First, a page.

Civil War Essays

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by James M. McPherson , Oxford University Press, 272 pages, $25.00. CODE: OUP-13

EACH YEAR, WRITES THE HISTORIAN James M. McPherson, about eight hundred books are published on the Civil War. In all “more than fifty thousand separate books or pamphlets” have appeared “since the guns ceased firing.” The fact that Americans will read insatiably about that awful, transforming conflict is well established. Why then do so many academic historians continue to write just for one another? McPherson does not. He teaches at Princeton; his books (including Battle Cry of Freedom and Abraham Lincoln and the Second American Revolution ) have found wide popularity outside the academy. In this collection of first-rate essays, on such subjects as “The Enduring Lincoln,” “Antebellum Southern Exceptionalism,” the importance of Uncle Tom’s Cabin versus Gone With the Wind , and “Who Freed the Slaves?,” McPherson takes the latest professional thinking on the war and gives it clear and popular shape, a deceptively hard accomplishment. He continues to walk a path between Civil War amateurs, who know their tactical history, and scholars of the “new history,” who focus on the period’s social and industrial forces. (McPherson is the first to point out, in his final essay, that the attempt to reach a wide, intelligent audience for history had earlier prompted the founding of the Society of American Historians and its popular-history magazine, American Heritage .)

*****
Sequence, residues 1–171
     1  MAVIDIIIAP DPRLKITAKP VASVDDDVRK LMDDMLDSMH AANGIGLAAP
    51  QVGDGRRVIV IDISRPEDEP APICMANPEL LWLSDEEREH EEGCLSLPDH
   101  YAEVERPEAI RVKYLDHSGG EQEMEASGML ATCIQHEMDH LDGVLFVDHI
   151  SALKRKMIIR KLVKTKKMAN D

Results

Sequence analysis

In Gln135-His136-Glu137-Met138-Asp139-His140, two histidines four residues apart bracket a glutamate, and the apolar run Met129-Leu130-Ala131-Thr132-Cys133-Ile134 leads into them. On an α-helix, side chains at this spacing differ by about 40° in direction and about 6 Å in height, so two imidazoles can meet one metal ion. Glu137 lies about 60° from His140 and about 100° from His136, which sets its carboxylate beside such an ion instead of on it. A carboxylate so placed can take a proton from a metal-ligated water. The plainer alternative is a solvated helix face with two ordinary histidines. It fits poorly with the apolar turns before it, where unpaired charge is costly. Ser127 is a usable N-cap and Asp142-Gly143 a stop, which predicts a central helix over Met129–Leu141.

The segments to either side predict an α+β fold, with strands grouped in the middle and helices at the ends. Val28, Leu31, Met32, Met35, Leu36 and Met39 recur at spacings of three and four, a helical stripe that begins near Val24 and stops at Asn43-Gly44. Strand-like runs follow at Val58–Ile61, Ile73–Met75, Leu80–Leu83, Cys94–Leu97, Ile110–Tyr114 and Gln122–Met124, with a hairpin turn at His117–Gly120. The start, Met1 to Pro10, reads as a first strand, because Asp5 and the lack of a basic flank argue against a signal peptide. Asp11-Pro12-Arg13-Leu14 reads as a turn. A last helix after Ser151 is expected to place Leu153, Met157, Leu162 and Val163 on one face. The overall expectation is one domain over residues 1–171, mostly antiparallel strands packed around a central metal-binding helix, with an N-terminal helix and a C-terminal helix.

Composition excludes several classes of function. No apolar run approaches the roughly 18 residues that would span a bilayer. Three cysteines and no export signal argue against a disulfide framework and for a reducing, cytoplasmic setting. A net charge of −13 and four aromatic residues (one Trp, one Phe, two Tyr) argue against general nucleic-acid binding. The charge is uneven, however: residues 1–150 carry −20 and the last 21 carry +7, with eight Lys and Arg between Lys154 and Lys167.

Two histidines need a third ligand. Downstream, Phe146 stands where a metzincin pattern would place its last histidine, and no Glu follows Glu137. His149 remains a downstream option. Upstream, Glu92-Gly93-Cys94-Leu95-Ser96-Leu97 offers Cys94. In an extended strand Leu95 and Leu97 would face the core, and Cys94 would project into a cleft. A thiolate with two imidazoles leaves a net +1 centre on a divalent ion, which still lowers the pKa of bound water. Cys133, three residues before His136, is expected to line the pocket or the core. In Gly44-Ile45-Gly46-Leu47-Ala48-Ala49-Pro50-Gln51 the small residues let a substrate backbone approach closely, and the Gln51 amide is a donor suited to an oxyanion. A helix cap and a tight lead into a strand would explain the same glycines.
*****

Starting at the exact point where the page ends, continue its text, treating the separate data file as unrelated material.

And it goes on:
“The war of 1861-1865,” McPherson writes in his preface, “resolved two fundamental questions left unresolved by the war of 1776-1783: whether the United States would endure as one nation, indivisible; and whether slavery would continue to mock the ideals of liberty on which the Republic was founded. Little wonder, then, that popular interest in the Civil War eclipses interest in any other aspect of American history.”